• Blood pressure is derived from the amount of blood leaving the heart times the resistance in the peripheries (blood pressure = cardiac output × peripheral resistance). When either cardiac output or peripheral resistance increases, the blood pressure rises. Drug therapy to reduce hypertension is designed to decrease either cardiac output or peripheral resistance or both. Drug therapy to increase blood pressure increases cardiac output, peripheral resistance, or both. • Hypertension is classifi ed in 3 stages (from prehypertension to stage 2), according to the degree of blood pressure elevation. • In prehypertension, blood pressure is usually managed by lifestyle changes alone. These changes include weight reduction, dietary restriction of saturated fat, moderation of alcohol intake, regular physical activity, reduction of sodium intake, increased intake of potassium- and calcium-rich foods, and smoking cessation. Lifestyle modifi cations continue even if the patient advances to stage 1 or 2 hypertension. • Drug therapy may be initiated in prehypertension if the patient has certain other comorbidities. Drug therapy is always initiated in stage 1 or 2 hypertension Most patients require the use of at least two types of antihypertensives to achieve full therapeutic effect. Patients whose blood pressure is diffi cult to control may be on three or more fi rst-line drugs as well as some second-line drugs. • Drug classes used as fi rst-line therapy include: thiazide diuretics, beta blockers, ACE inhibitors, ARBs, calcium channel blockers (for some patients), and occasionally aldosterone blockers. • Drug classes used as second-line therapy include: vasodilators, alpha-2 stimulants, alpha-1 blockers, peripheral antiadrenergics. • Thiazide diuretics (such as hydrochlorothiazide) are effective and less expensive than other antihypertensives. A thiazide diuretic is usually used as the drug of fi rst choice in monotherapy. Other classes of fi rst-line drugs may be added if necessary. Thiazides are effective in monotherapy in African Americans unlike most of the fi rst-line drugs. The most common adverse effects are related to electrolyte changes and fl uid volume loss (i.e., hypovolemia, low potassium, magnesium, and sodium levels, and elevated uric acid and blood glucose levels). • Beta blockers (such as metoprolol) slow heart rate, speed conduction, and decrease force of contraction and thus decrease cardiac output. This decreases the blood pressure. Although beta blockers (at beta-2 receptor sites) increase peripheral resistance through vasoconstriction, this effect is outweighed by the substantial decrease in cardiac output, thereby lowering blood pressure. Beta blockers also decrease the release of renin from the kidneys so the renin-angiotensin-aldosterone system is not activated, so vasoconstriction does not occur. Beta blockers are used as the initial therapy for patients with certain comorbidities; they are not as effective as monotherapy in African Americans. • Captopril, an ACE inhibitor, inhibits the angiotensinconverting enzyme needed to change the inactive angiotensin I to the active form angiotensin II, thereby preventing sodium and water retention, decreasing peripheral vascular resistance, and lowering blood pressure. A major adverse effect is a chronic cough, which may be so severe that the patient cannot tolerate or continue drug therapy. Firstdose hypotension may occur. As monotherapy it does not achieve the same therapeutic effects in African Americans as in other races. • Aliskaren is a renin inhibitor. Similar to other drugs that alter the renin-angiotensin-aldosterone system, monotherapy with aliskaren produced fewer antihypertensive effects in African Americans, probably because most African Americans are "low-renin hypertensives." • Losartan is an ARB; it does not inhibit ACE. Instead, it blocks the vasoconstricting and aldosterone-secreting effects of angiotensin II by selectively blocking the binding of angiotensin II to the angiotensin receptors in many tissues, especially in the vascular smooth muscled drenal gland tissues. • Eplerenone is a selective aldosterone receptor blocker. It interferes with the renin-angiotensin-aldosterone system. By blocking the mineralocorticoid aldosterone receptors, it prevents sodium and fl uid reabsorption that leads to hypertension. • Nitroprusside, an agent used in hypertensive crisis, directly relaxes vascular smooth muscle. It is more active on veins than arteries, thereby promoting peripheral pooling of blood. This effect decreases venous return to the heart, reducing left ventricular end-diastolic pressure and pulmonary capillary wedge pressure (preload). The resultant arteriolar dilation reduces systemic resistance and decreases mean arterial pressure (afterload). The result is markedly reduced blood pressure. The ability to decrease the blood pressure is seemingly unlimited. Nitroprusside is rapidly metabolized to cyanide through a reaction with hemoglobin. Cyanide poisoning may occur during its use. If blood pressure remains uncontrolled after 10 minutes at the maximum infusion rate, stop the infusion immediately. The nitroprusside infusion should be controlled by an administration pump, and the blood pressure must be monitored constantly. • Dopamine, a vasopressor, is used to correct the hemodynamic imbalances present in shock. Dopamine is a naturally occurring catecholamine and a precursor to norepinephrine. It stimulates alpha-1 and beta-1 receptors through direct and indirect (releasing the stored epinephrine) methods. It has either no or only a minimal effect on beta-2 receptors. It also has dopaminergic effects. The effects from dopamine are increased renal perfusion, increased cardiac output, increased or decreased peripheral resistance (depending on the dose), and increases in blood pressure. Dopamine is administered by IV continuous infusion. The patient must be monitored closely and continuously while on dopamine infusion.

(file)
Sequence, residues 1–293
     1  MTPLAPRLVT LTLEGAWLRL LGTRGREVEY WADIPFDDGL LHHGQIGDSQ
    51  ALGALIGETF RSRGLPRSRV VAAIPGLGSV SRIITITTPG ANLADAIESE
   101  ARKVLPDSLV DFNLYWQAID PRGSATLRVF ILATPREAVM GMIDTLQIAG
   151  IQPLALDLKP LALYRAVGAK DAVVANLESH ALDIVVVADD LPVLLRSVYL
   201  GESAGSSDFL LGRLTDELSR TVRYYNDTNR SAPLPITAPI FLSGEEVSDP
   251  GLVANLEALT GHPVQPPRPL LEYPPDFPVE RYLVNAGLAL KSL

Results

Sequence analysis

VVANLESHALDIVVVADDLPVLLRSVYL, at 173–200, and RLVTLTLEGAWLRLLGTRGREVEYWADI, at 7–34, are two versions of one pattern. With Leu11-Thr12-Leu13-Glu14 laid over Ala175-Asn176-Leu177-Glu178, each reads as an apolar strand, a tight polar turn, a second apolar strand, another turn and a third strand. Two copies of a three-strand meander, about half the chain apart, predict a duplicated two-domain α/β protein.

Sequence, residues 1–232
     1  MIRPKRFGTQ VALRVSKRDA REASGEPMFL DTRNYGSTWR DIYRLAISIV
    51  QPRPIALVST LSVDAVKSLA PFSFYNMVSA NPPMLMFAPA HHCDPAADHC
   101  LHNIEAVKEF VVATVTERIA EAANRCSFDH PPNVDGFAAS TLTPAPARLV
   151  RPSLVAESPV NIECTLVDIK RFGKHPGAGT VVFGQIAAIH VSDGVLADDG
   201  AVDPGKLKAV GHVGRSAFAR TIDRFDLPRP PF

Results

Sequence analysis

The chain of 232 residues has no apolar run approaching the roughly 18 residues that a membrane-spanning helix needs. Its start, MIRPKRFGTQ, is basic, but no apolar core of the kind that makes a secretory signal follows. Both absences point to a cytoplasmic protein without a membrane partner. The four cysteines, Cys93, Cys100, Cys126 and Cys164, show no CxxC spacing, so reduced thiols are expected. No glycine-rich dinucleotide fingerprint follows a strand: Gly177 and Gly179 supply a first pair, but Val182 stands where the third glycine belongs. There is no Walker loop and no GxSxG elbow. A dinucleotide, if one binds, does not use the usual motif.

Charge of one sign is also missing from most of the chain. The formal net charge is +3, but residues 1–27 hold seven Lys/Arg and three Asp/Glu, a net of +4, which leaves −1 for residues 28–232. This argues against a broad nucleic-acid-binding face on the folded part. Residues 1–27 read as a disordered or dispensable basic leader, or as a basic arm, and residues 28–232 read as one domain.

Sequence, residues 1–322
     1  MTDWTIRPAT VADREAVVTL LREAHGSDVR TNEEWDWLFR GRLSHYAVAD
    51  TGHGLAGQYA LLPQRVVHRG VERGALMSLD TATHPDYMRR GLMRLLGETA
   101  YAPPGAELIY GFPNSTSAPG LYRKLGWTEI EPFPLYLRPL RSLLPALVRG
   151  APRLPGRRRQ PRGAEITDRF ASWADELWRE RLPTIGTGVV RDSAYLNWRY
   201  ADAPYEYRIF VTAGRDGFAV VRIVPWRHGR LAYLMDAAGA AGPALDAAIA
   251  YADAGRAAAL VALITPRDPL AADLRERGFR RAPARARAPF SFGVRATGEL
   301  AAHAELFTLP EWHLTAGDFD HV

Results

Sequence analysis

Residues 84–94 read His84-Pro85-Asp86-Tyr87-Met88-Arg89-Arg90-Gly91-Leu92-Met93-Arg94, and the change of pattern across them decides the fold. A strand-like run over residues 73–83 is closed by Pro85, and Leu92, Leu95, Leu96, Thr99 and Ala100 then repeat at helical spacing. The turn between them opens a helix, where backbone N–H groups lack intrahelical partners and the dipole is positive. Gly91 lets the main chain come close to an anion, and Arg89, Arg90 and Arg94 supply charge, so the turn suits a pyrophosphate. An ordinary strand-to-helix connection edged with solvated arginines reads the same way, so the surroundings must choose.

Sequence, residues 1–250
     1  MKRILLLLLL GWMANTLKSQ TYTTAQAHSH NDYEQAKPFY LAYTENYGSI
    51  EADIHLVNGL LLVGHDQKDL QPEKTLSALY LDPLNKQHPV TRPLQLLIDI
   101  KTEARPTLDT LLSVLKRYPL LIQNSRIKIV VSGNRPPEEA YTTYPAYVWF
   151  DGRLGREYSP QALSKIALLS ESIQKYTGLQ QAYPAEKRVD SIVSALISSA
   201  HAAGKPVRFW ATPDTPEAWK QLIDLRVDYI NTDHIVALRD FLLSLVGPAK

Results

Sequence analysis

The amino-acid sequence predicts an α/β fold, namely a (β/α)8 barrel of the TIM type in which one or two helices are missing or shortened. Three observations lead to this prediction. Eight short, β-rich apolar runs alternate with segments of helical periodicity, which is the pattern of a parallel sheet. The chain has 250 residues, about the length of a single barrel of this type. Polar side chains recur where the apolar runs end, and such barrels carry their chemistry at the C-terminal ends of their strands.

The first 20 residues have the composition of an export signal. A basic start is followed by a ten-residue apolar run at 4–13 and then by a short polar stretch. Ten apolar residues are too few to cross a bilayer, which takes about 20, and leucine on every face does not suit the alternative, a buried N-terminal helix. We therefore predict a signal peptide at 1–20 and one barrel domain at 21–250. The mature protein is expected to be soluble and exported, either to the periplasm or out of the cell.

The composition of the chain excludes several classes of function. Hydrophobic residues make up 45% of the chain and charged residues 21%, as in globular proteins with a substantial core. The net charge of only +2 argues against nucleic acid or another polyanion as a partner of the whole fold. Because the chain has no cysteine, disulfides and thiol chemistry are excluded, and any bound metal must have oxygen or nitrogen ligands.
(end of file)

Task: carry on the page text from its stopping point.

|Original language||English (US)|
|Title of host publication||Drug Therapy in Nursing|
|Publisher||Wolters Kluwer Health Adis (ESP)|
|Number of pages||140|
|State||Published - Nov 7 2012|